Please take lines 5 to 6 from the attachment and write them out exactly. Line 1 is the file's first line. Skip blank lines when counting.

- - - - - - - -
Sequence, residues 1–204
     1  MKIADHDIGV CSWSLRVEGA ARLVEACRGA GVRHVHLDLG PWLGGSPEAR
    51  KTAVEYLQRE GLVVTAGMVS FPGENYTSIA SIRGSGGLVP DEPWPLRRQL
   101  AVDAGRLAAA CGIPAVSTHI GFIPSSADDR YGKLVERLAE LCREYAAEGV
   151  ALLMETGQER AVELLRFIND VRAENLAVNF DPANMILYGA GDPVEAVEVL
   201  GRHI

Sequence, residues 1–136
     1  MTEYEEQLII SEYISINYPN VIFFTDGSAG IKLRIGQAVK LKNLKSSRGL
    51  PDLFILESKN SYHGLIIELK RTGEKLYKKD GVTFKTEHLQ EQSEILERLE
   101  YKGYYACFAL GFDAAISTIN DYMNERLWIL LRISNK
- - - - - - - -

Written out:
   151  ALLMETGQER AVELLRFIND VRAENLAVNF DPANMILYGA GDPVEAVEVL
   201  GRHI